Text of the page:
When in minority, Muslims place special emphasis that they be guided by their personal laws. The personal law enables sexual discrimination by allowing a man the right to marry up to four wives as well as the right to divorce any of them at will. There is no need for him to comply with any procedural or substantive requirement or even to reveal his reasons. In contrast, a Muslim woman can only obtain a Khula (permission to be divorced) and that too by a judicial decree within very strict and limited conditions. She does not have the right to ‘divorce’ her husband as that right is reserved only for men under the Islamic law. Moreover, women under Sharia law suffer a variety of civil limitations, such as disqualification from holding certain public offices and from testifying in certain types of judicial proceedings.

Muslim apologists have largely argued that these discriminatory practices can be rectified by bringing piecemeal reforms through the exercise of Ijtihad. It has now become common place to argue that Muslims must engage in Ijtihad and that reform is possible through it. But deep down, they know that Ijtihad does not mean free thinking, rather it is itself subject to certain regulations. In particular, Ijtihad is not permitted in matters which are governed by explicit references in the Quran and the Sunna.


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The hadith from which the notion of Ijtihad is derived is itself very clear in the matter of precedence.  The tradition narrates that when the Prophet intended to send Muadh ibn Jabal to Yemen, he asked:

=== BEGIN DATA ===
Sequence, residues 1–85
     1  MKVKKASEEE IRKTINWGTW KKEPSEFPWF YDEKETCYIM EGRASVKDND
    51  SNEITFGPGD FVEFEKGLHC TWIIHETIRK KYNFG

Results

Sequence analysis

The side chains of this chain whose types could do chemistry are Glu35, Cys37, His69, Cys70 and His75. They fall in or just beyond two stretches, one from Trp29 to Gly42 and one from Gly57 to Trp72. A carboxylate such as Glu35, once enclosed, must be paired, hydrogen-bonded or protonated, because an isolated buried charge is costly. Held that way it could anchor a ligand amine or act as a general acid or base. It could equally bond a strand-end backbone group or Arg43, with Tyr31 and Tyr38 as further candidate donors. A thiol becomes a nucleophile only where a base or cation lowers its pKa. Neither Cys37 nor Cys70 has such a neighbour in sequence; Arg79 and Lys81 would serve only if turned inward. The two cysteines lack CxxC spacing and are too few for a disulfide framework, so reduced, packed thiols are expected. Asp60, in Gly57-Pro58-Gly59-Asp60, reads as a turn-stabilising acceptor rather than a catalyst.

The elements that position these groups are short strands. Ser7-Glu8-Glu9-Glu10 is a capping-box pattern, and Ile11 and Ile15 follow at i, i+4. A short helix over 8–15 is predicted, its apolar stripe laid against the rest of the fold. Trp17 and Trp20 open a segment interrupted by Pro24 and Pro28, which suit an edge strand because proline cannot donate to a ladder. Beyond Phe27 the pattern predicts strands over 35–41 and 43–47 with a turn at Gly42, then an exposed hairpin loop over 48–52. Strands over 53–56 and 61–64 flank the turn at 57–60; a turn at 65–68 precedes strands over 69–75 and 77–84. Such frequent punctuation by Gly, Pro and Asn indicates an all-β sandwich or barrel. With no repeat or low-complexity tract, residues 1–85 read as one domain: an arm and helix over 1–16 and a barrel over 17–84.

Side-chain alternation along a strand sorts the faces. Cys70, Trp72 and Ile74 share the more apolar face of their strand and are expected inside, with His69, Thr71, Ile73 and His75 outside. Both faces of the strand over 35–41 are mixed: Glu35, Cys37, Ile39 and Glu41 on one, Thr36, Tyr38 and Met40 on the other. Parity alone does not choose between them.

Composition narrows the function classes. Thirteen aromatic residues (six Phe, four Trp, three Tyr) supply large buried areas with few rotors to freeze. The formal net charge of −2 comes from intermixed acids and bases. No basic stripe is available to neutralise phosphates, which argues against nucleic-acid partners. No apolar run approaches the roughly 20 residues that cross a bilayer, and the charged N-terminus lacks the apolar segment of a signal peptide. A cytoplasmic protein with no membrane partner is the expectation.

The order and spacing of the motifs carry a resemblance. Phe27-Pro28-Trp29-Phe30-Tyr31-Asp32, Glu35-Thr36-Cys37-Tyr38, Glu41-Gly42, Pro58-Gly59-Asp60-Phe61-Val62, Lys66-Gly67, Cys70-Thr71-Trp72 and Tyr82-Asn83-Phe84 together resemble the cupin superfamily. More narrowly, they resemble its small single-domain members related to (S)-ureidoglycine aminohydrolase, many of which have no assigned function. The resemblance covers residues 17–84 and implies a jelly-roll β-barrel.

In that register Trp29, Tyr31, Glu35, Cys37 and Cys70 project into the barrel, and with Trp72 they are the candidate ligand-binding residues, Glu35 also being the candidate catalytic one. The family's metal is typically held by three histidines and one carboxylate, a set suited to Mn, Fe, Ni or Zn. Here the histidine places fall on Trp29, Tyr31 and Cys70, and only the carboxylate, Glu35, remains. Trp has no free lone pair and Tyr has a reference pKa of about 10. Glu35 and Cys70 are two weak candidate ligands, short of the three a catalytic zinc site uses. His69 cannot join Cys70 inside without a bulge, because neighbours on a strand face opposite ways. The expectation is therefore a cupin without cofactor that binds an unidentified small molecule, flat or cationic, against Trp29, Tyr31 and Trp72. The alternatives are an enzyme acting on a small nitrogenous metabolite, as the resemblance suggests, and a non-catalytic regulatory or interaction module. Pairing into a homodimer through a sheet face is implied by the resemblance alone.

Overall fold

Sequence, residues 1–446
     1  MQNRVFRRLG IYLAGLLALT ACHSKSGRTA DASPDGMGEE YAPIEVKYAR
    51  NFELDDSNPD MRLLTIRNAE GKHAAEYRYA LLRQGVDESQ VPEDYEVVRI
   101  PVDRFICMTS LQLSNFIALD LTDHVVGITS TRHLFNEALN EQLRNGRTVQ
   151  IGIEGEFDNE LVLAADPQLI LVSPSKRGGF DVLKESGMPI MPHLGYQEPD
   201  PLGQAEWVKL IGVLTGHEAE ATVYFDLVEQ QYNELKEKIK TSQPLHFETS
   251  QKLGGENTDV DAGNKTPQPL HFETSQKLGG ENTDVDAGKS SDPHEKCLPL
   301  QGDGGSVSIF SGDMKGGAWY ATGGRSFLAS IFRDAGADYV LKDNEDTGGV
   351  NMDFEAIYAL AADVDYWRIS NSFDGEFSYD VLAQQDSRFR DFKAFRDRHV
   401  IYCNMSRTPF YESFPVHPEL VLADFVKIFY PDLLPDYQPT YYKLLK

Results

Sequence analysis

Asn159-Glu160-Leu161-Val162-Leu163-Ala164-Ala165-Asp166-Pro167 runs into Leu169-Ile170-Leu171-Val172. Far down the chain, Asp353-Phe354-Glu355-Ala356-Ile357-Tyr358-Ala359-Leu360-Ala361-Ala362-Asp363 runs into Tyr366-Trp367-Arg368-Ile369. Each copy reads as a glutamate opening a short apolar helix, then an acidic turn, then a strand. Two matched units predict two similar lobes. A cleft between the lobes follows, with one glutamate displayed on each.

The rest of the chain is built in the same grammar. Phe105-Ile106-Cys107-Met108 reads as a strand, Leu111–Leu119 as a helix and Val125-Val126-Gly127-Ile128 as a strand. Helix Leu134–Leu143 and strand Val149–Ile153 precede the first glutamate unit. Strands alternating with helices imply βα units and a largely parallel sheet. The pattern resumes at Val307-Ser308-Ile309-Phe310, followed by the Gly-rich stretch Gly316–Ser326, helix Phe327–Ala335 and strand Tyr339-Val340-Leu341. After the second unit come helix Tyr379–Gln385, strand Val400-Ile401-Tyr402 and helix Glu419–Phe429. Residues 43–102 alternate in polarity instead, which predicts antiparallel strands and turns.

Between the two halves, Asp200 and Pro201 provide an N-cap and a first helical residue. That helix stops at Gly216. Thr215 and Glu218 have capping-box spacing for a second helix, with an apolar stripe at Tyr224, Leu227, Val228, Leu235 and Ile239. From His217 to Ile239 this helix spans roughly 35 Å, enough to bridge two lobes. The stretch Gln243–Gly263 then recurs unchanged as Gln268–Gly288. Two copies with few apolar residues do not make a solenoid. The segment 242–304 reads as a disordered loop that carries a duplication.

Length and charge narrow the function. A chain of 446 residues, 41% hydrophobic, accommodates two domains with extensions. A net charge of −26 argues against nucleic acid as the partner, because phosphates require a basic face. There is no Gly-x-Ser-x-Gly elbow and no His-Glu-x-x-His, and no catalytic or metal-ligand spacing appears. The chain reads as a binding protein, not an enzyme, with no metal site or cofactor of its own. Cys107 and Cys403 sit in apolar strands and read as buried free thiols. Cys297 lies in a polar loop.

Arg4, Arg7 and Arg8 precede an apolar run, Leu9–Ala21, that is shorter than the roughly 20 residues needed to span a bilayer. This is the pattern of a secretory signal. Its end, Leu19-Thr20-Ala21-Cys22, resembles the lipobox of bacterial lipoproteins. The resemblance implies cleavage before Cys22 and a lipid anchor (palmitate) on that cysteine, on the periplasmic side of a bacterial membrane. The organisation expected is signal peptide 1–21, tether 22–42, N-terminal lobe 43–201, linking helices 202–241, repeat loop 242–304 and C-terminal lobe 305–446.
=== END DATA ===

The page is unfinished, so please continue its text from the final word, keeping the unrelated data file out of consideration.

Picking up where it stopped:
How will you judge when the occasion of deciding a case arises? He replied: I shall judge according to Allah’s Book. He asked: (What will you do) if you do not find any guidance in Allah’s Book? He replied: (I shall act) in accordance with the Sunna of the Messenger of Allah. He (the Prophet) asked: (What will you do) if you do not find any guidance in the Sunna of the Messenger of Allah or in Allah’s Book? He replied: I shall do my best to form an opinion and I shall spare no effort. The Messenger of Allah then patted him on the breast and said: Praise be to Allah who has helped the messenger of the Messenger of Allah to find something which pleases the Messenger of Allah [Sunna Abu Dawood, 24: 3585].

It is clear from the above hadith that one can seek recourse to Ijtihad only in the absence of an explicit instruction in the Quran or the Sunna. Sexual and religious discrimination is found mentioned explicitly in the Quran and the Sunna and therefore cannot be amended by individual or collective opinions. It follows therefore, that despite the best intentions of some reformist scholars, their claims of reforming the Sharia ring hollow. The only way therefore is to declare that the Sharia has become obsolete. And in order to do, Muslims first have to repudiate their erroneous belief in the sacredness of Sharia.


Arshad Alam is a columnist with